(Reuters) - Wall Street stocks climbed on Thursday after data showing U.S. services-sector activity at a three-year low fueled expectations that the Federal Reserve would cut interest rates to stem a wider economic downturn.
The market dropped after the Institute for Supply Management (ISM) said its non-manufacturing activity index fell to a reading of 52.6 in September, the lowest since August 2016.
That added to fears sparked on Tuesday when a report showed U.S. factory activity contracted to its lowest level in more than a decade, as well as data on Wednesday showing private payrolls growth in August was not as strong as previously estimated.
Stock prices bounced back from the dour economic data as bets on a third U.S. rate cut this year at Fed’s October policy meeting surged to 90% from 40%, according to CME Group’s Fed Watch tool.
“The degradation of the data, especially the non-manufacturing data, kind of pushes the Fed to another cut,” said Kim Forrest, chief investment officer at Bokeh Capital Partners in Pittsburgh.
Traders are again expecting at least two more rate reductions by the end of 2019, which they had abandoned after the central bank described each of its last two rate cuts as a “mid-cycle adjustment.” [MMT/]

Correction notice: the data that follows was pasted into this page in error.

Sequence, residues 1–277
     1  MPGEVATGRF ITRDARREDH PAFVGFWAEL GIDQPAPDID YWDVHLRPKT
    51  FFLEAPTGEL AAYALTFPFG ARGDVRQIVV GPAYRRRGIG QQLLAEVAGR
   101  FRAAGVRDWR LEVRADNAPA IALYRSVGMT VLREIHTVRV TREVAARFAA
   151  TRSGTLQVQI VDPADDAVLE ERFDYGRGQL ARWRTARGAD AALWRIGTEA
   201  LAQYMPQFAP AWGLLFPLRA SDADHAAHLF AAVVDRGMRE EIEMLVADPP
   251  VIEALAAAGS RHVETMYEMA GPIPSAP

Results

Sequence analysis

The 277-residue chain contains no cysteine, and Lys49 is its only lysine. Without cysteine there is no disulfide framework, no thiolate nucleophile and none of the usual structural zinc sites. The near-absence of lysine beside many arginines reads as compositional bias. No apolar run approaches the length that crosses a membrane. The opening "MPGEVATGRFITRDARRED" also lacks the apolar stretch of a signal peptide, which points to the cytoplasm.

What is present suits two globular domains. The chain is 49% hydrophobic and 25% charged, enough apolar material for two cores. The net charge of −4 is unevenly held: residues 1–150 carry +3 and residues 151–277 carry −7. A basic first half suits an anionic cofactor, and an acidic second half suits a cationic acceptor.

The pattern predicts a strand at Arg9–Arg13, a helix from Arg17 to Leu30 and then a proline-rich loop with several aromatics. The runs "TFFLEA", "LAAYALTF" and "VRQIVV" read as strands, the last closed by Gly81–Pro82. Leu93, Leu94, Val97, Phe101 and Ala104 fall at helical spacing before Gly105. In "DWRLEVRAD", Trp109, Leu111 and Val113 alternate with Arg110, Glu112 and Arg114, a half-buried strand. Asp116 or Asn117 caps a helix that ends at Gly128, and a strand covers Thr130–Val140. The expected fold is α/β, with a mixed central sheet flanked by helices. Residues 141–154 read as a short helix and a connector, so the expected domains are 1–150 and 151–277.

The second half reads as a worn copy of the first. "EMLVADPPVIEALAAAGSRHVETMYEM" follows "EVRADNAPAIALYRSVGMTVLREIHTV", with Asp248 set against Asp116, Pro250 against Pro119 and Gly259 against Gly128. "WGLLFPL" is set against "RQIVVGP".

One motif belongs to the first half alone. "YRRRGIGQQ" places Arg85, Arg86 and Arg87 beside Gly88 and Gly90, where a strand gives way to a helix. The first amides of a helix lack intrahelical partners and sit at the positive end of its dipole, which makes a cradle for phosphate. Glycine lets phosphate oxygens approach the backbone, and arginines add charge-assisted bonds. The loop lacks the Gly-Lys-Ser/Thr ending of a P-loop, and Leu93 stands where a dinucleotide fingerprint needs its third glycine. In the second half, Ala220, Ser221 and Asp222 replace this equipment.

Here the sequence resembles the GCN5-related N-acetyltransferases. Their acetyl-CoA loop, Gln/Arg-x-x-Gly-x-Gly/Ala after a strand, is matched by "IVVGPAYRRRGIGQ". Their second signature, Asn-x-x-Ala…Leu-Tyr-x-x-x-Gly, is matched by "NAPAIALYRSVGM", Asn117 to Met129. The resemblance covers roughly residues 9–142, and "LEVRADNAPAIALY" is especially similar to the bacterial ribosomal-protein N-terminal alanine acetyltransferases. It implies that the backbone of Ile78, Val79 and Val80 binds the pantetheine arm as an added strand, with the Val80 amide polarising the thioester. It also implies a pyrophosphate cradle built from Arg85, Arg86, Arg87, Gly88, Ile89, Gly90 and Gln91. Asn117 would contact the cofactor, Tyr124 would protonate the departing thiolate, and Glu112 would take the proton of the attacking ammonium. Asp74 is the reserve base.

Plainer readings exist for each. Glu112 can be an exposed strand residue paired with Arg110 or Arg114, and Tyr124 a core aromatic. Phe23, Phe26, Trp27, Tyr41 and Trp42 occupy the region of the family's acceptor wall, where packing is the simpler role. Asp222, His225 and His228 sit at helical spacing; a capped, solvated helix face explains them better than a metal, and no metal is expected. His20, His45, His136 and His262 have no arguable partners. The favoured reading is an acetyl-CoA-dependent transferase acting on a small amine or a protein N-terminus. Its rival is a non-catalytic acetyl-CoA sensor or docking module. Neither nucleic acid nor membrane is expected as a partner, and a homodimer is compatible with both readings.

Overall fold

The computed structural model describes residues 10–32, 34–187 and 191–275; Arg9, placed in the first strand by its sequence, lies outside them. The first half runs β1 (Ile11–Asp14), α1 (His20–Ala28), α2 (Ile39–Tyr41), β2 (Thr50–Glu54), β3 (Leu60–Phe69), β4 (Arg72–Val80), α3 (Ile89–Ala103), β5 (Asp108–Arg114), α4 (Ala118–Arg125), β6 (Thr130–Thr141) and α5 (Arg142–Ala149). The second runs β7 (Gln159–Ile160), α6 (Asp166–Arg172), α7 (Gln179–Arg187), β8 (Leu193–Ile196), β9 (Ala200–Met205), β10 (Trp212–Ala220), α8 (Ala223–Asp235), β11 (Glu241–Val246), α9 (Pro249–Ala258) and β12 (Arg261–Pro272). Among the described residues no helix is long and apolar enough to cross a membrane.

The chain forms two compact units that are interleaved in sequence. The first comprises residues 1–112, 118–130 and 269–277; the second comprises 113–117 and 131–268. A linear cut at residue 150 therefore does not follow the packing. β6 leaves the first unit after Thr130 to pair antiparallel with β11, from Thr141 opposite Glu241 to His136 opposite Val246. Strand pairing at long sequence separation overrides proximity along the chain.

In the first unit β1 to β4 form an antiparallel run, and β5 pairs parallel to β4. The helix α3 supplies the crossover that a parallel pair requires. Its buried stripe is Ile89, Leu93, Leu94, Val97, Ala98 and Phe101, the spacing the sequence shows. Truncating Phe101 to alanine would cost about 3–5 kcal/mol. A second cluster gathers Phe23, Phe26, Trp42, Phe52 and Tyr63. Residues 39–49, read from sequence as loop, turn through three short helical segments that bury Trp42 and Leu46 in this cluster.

“We are at a critical point. Global growth is slowing and U.S. growth is decelerating because of trade disputes and uncertainty caused by trade policy,” said Ben Phillips, chief investment officer at EventShares. “But the market loves easy money, and when it gets a whiff of it, it gets high.”
A pivotal jobs report on Friday may contribute more evidence of whether the U.S.-China trade war is pushing the world’s largest economy toward a recession.
The Nasdaq Composite .IXIC added 1.12% to end the session at 7,872.27.
Over the past 12 months, the S&P 500 is down about 0.5%.
PepsiCo Inc PEP.O on Thursday rose 3% after beating quarterly expectations as higher advertising and new low-calorie versions of Gatorade boosted demand for its beverages in North America.
Advancing issues outnumbered declining ones on the NYSE by a 1.80-to-1 ratio; on Nasdaq, a 1.56-to-1 ratio favored advancers.
The S&P 500 posted 9 new 52-week highs and 20 new lows; the Nasdaq Composite recorded 6 new highs and 109 new lows.
Volume on U.S. exchanges was 7.1 billion shares, compared with the 7.3 billion average for the full session over the last 20 trading days.
Additional reporting by Medha Singh and Arjun Panchadar in Bengaluru; Editing by Cynthia Osterman and Dan Grebler
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